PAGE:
How Runners Can Protect Their Feet
Avid, regular running is one of the best ways to get and stay fit, prevent illness and disease, and stay psychologically healthy as you age. But it sure can work your feet over if you aren’t careful, too!
If you’re a rookie runner and you’re not quite sure how to protect yourself, or if you’re an elite marathoner who has gotten a bit careless in training—or anywhere in between—you could wind up with nagging injuries to feet, ankles, and legs. If that happens a lot, it might stop you from running altogether, and we definitely don’t want that!
Methods to Avoid Pain and Keep on Running
- Find shoes that fit. We highly recommend investing in a quality pair of running shoes that properly fit and are designed with your gait patterns in mind. We can perform an evaluation and analysis of your foot structure and running gait to help you select an appropriate style. You may also find that the staff at a specialty running store can provide a lot more help than a general purpose shoe or department store.
- Replace your shoes after 300-500 miles. Your mileage may vary, depending on your weight and running style, but over time the part of your shoes that helps support arches and absorb shocks will wear down and lose its springiness. Once this happens, your shoes need to be replaced—even if they still look nice on the outside
- Build slowly toward your goals. Whether you’re starting a running program from scratch, getting back into the swing of things after winter or an injury, or just trying to improve your speed or mileage, start slow and limit yourself to 10% increases (at most) in intensity per week. Doing too much, too soon carries a high risk of injury.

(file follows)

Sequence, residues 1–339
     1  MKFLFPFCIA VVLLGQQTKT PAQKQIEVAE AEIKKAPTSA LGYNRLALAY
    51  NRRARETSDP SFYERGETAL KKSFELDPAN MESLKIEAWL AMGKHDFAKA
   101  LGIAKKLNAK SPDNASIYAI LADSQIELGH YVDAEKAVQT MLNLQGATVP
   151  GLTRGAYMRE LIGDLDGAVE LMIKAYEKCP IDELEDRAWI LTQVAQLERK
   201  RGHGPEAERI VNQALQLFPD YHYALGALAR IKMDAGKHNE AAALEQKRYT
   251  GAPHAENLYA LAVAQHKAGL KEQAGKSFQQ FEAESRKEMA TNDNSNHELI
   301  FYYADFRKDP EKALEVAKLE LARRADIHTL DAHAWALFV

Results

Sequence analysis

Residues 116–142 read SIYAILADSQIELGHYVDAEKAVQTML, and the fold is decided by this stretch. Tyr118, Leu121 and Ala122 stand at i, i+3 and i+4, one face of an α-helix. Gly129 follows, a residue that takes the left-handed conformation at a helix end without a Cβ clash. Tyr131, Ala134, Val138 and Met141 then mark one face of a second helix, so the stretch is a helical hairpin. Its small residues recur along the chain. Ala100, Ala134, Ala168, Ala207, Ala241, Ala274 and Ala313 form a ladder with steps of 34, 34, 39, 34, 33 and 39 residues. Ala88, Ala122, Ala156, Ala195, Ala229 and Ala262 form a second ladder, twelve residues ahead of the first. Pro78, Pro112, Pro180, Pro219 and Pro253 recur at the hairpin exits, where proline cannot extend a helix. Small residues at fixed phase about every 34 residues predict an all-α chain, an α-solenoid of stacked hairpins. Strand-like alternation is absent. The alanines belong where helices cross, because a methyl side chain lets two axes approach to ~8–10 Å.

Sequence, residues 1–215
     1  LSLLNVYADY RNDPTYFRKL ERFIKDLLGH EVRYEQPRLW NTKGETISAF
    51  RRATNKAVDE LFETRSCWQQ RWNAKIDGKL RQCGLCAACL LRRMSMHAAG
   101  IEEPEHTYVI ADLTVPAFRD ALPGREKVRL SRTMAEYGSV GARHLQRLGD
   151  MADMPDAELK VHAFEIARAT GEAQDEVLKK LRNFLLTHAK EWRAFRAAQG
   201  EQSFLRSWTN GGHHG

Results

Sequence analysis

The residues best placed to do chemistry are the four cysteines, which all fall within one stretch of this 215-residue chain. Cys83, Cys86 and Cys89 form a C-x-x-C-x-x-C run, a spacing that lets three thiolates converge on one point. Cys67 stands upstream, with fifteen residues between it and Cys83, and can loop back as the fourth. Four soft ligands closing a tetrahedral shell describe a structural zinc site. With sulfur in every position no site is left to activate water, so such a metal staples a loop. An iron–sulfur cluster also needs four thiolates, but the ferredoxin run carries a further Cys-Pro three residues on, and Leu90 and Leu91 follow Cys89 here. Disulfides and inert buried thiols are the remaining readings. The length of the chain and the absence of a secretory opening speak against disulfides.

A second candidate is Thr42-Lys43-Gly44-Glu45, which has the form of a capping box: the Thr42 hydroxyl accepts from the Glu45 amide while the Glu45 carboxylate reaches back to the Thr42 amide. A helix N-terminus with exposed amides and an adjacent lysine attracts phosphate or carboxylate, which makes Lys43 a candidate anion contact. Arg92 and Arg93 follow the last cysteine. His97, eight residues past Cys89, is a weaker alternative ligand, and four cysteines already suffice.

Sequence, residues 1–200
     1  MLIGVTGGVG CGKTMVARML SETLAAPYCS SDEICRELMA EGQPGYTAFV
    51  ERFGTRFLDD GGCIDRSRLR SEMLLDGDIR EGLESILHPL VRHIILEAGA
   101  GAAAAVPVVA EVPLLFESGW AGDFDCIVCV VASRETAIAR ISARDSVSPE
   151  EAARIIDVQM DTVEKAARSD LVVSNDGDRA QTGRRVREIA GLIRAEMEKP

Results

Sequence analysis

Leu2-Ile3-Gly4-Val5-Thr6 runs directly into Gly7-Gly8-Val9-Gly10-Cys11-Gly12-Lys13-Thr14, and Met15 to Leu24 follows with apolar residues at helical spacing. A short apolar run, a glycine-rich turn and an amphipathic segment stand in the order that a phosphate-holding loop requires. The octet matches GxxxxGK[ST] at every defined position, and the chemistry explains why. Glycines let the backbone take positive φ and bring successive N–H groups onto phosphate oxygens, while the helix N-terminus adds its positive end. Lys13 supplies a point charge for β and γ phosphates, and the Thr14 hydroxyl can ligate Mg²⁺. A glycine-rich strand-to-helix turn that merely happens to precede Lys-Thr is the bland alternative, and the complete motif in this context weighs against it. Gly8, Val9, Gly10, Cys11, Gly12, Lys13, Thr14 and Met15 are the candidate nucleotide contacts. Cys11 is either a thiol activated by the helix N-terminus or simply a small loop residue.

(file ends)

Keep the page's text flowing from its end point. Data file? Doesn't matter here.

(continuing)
- Plan your routes carefully. It can be fun to just pick a direction and see where it takes you, but terrain can make a big difference. If you find yourself struggling with pain, choose flatter routes or run on softer surfaces like dirt or gravel.
- Focus on form. There’s no “perfect” way to run—everybody does it a little differently—but there are a lot of bad ways to do it. Work on establishing good biomechanics in the way that you run. In the short term, it’ll feel weird. But in the long run (pun intended) you’ll feel better, protect your feet and body, and allow yourself to go farther and faster.
- Listen to yourself. Running should be a workout, and it’s okay to let it push you to your limits. It’s not okay, however, to let it push you past your limits. If something hurts, that means it’s time to slow down or stop and evaluate. To do otherwise risks major injury.
At the Kansas Foot Center, our team specializes in keeping your feet healthy and fit so you can be as active as you want to be! If you have any concerns about foot pain or injury from running, please give us a call at (866) 222-5177.